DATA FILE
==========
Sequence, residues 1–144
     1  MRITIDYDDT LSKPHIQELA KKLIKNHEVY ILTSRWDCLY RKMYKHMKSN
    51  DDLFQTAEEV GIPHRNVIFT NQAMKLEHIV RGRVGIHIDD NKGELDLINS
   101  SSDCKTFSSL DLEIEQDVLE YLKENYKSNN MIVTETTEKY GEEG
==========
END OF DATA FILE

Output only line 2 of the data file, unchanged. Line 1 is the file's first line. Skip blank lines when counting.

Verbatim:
     1  MRITIDYDDT LSKPHIQELA KKLIKNHEVY ILTSRWDCLY RKMYKHMKSN